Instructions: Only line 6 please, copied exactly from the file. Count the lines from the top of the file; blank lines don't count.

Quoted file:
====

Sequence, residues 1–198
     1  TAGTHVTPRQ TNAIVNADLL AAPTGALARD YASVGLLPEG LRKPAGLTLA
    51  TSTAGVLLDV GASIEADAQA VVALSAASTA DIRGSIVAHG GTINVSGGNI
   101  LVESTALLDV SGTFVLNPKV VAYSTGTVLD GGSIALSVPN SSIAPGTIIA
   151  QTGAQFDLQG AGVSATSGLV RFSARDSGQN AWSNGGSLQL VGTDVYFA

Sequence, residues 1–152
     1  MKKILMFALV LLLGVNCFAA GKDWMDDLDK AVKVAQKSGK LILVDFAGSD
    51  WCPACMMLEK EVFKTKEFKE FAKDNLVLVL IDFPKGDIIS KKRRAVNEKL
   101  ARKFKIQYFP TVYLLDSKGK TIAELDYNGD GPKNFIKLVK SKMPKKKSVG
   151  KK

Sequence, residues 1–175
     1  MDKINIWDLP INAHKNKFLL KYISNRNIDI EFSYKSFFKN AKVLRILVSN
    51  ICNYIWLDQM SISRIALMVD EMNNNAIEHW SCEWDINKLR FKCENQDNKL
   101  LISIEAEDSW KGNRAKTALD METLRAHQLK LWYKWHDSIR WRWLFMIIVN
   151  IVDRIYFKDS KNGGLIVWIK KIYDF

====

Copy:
Sequence, residues 1–152